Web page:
Gary W. Gallagher and the Civil War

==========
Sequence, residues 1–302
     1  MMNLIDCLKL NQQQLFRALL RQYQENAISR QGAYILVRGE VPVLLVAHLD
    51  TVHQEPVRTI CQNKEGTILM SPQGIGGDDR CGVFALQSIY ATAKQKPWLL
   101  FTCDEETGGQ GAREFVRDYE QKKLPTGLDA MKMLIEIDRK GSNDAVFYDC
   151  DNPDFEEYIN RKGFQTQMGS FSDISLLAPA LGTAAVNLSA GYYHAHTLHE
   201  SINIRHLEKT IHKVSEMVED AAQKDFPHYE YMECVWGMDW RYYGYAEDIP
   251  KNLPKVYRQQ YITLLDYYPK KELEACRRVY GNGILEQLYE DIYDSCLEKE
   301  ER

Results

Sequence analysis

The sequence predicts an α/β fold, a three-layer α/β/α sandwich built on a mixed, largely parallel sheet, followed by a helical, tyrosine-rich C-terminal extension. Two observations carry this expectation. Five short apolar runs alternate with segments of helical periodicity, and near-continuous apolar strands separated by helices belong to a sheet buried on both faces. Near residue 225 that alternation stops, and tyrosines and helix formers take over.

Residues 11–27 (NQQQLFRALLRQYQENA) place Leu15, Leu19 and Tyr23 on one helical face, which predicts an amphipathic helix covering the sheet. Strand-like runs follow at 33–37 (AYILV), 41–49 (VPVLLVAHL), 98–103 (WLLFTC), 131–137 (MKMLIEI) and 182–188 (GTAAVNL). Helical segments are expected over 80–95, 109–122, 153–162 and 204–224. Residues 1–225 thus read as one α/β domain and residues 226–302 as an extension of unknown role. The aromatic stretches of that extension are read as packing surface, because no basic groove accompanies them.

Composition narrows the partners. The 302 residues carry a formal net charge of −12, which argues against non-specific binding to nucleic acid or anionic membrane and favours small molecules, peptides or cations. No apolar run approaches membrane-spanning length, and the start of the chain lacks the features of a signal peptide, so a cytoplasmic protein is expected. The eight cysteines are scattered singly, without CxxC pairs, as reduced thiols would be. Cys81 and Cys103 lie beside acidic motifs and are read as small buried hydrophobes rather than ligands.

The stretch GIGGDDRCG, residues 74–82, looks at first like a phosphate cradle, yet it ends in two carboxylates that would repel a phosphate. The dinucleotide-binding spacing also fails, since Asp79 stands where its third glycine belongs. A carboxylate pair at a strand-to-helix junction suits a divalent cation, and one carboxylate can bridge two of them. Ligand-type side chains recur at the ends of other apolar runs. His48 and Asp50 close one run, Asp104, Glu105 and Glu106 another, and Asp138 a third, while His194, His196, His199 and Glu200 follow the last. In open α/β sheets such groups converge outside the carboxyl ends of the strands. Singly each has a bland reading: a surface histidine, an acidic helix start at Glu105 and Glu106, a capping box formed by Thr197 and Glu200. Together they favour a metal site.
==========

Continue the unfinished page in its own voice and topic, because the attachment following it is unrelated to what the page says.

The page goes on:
Dickinson vs whitman essays Two Poets, Walt Whitman and Emily Dickinson are best job finding app two of the most influential people in American poetry. They are regarded as the founders modern American poetry. Walt Whitman (1819-1892), for the time was breaking new ground with his diverse, energetic verse himadri pakrasi washington university regards to subject matter, form and style whether talking about overlooked objects in nature such as a single blade of grass or even our own hearing. Emily Dickinson (1830-1886) while living a life of seclusion, never really leaving her birthplace, was very adventurous internally. She was well read in English literature, An Analysis of Monologue deeply exploring her own thoughts. While Dickinson and Whitman are referred to as the founders of modern American poetry, they are strikingly different. While Whitman’s poems are large and expansive, the lines long and visually descriptive, Dickinson’s works, in contrast, are highly compressed, squeezing moments of intense emotions and thought into tight four line stanzas which contract feeling and condense thought. If one was to compare Whitman’s Crossing Brooklyn Ferry with works of Dickinson’s such as After a great pain, a formal feeling comes And Remorse-is Memory-Awake, the differences with regards to the use of words to convey feelings or emotions becomes introduce myself essay in chinese between the two introduce myself essay in chinese Crossing Brooklyn Ferry Whitman attempts to transcend time and place, “The similitudes of the past and those of the future”. This becomes even more apparent when the second stanza is read, when he speaks of others, “Others will enter the gates of the ferry and cross from shore to buying a house in whiterun will watch the run of the flood-tide, Others will see the shipping of Manhattan north and west, and the heights of Brooklyn to the south and east. It is here that Whitman directly engages his audience and later he Gary W. Gallagher and the Civil War, “ Just as you feel when you look on the river and sky, s.